Why I'm Fed Up, and How to Find Inspiration in the Daily Details

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The Author
Barry Winbolt
Posted on Apr 18

I'm fed up! Lockdown can be tough, that's true. But do we need to make it worse by banging-on about how hard it is? In the middle of a crisis, predicting ever more doom and gloom is not what we need!

People have many fine qualities. One of our finest is our ability in a crisis to rise to the challenges. We do this by drawing on our inner resources, supporting each other, and by uniting as communities.

Often we surprise ourselves by discovering hidden reserves and talents we didn't know we had. One significant thing we've learned from sudden disasters around the world is just how hardy the people caught in a crisis turn out to be. Amid the fear, extreme hardship and even degradation, the human spirit is what carries people and their communities through.

There is suffering, of course, but if you've worked with people you'll know that you don't ease suffering by telling the victims how bad it is. But, that is happening a lot, and that's why I'm fed up.

We are doing the best we can

You can point the finger if you like. Another facet of human behaviour is that we love to do that. You can pretty well predict that, in a crisis, any question that starts with "Why...?" is NOT going to produce useful information. It implies deficiency or blame, and will just elicit defensiveness or platitudes. 

We are better than that. We are doing the best we can in a new and scary situation because by-and-large we are good pulling ourselves up and pulling together.

I think we need to champion that. We should celebrate our successes, even the mundane little ones, and to get on with supporting and inspiring each other. Clever predictions from pundits and experts about 'what could go wrong' don't help. 

 

Man Celebrating

 

Daily delights

I'm talking about the pleasure we can find in small, daily things. OK, maybe 'delights' is a bit delusional, but I like alliteration and I needed a subheading.

Try this. When the big picture is just too big to get your head around, when it's daunting to look ahead, when you feel the energy being drained from you by the sheer enormity of what we are all facing, look down (or up, or across the table).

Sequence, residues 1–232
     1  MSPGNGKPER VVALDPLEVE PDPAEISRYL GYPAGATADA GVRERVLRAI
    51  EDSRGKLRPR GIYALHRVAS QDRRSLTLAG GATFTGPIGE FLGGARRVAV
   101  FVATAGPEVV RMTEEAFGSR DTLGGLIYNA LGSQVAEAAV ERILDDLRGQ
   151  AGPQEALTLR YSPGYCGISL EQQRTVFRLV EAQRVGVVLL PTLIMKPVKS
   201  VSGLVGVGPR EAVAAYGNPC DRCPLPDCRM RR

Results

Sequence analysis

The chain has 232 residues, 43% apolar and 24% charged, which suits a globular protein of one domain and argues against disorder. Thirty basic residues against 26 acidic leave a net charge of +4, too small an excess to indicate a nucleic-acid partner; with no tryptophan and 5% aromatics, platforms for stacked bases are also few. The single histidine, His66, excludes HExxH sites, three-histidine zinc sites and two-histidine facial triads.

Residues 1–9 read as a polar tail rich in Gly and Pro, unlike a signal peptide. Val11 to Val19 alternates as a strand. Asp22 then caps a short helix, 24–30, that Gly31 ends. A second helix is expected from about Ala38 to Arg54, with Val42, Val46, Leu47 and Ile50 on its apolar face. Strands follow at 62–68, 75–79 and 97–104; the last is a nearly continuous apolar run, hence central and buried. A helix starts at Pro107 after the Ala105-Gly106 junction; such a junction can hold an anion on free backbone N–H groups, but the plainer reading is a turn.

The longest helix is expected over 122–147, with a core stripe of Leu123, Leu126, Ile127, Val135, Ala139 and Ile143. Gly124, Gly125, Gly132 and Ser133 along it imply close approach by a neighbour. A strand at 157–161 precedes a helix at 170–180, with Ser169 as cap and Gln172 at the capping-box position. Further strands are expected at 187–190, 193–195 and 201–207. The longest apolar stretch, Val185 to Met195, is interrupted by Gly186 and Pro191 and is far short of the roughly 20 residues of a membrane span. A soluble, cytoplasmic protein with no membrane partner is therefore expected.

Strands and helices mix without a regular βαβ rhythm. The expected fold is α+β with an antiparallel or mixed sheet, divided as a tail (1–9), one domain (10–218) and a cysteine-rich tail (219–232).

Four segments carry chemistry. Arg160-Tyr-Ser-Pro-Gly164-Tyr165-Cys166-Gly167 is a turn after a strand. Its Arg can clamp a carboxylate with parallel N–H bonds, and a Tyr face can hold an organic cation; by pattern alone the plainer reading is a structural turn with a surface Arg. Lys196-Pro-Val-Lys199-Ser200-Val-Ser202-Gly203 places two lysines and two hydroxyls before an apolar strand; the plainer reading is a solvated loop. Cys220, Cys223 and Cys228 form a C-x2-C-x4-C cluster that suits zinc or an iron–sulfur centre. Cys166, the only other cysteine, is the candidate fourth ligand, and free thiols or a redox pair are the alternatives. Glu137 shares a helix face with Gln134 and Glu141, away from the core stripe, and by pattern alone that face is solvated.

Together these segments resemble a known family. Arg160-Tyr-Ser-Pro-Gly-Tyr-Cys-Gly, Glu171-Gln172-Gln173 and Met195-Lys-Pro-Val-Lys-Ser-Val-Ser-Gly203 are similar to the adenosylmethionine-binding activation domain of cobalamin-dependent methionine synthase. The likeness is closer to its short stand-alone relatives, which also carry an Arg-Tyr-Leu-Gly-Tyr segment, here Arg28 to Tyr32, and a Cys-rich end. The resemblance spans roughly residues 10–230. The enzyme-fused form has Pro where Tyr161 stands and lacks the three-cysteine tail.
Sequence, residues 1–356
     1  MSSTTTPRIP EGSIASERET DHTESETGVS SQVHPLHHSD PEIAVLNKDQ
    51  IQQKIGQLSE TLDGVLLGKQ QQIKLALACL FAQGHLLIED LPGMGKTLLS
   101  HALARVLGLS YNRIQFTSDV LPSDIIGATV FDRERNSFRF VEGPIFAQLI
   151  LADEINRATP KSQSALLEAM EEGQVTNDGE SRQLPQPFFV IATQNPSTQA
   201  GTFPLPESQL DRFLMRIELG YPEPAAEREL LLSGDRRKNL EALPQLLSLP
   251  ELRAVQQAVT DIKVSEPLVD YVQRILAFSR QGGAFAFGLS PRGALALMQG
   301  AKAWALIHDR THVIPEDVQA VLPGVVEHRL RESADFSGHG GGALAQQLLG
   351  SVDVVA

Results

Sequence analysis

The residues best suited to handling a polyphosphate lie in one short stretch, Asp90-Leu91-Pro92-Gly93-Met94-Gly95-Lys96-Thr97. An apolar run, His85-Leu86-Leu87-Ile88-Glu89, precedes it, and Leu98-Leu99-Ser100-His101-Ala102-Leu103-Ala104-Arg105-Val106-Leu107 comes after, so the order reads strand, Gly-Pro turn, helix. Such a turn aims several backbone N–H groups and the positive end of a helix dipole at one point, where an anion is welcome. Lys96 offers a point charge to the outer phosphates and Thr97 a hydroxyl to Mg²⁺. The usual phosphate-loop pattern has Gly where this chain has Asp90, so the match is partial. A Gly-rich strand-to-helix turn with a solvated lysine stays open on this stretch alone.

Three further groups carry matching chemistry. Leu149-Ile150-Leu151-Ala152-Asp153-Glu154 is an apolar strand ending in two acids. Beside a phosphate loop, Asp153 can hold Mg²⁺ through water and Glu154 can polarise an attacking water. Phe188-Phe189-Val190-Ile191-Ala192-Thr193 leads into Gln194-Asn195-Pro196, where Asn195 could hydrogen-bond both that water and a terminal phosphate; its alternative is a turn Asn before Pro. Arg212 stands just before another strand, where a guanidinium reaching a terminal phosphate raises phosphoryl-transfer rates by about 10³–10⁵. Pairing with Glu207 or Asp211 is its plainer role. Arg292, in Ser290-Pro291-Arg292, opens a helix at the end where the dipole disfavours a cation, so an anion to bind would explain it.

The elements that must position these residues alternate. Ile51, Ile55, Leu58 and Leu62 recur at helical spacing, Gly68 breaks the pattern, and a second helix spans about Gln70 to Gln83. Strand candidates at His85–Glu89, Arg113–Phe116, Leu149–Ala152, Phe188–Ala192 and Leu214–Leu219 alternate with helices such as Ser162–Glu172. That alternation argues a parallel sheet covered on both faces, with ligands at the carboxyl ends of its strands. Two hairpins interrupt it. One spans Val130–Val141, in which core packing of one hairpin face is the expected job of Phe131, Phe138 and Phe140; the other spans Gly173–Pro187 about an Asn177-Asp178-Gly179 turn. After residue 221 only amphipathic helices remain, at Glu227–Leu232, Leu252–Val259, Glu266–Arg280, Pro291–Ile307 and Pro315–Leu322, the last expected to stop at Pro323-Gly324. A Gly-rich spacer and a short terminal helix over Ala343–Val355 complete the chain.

When you focus on what's close, paying attention to the detail, giving all your attention to something tangible (a leaf, a cloud, a person, the warmth of the sun, the cool rain...), you are living only in the moment. That makes you stronger. Do it regularly and you become much stronger.

 

Woman smelling an orange

 

Inspiration as a nutrient

Just to be clear, I'm not denying hardship and all the rest due to the current situation. I'm saying that focussing on the inner resources we all possess, is a practical thing that we can all do. 

It's been said that "that which you focus on becomes your reality". We have to be aware of what's going on around us, but we don't have to let it be the only story, nor let it define us.

When this is all over we'll all want to look back and be proud of how we faced this horrible situation.

Inspiration is nourishing, so take a little each day by paying close attention to your here and now. Balance the big, bad story with your personal narrative of your small daily pleasures and successes. 

 

Woman swirling in autumn leaves

  

You can find out more about the writer, Barry Winbolt, on his profile page.

To discover more about Mindfulness in Life and Work, enrol in his on-line course here.

 

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Comments

1 comment
  • Blisspot and Deborah Fairfull like this
  • Deborah Fairfull
    Deborah Fairfull I love this way of being of presence and tapping into the beauty and joy that is all around us all the time, when that is what we choose to focus on. Whilst of course being aware of the broader world.
    Apr 21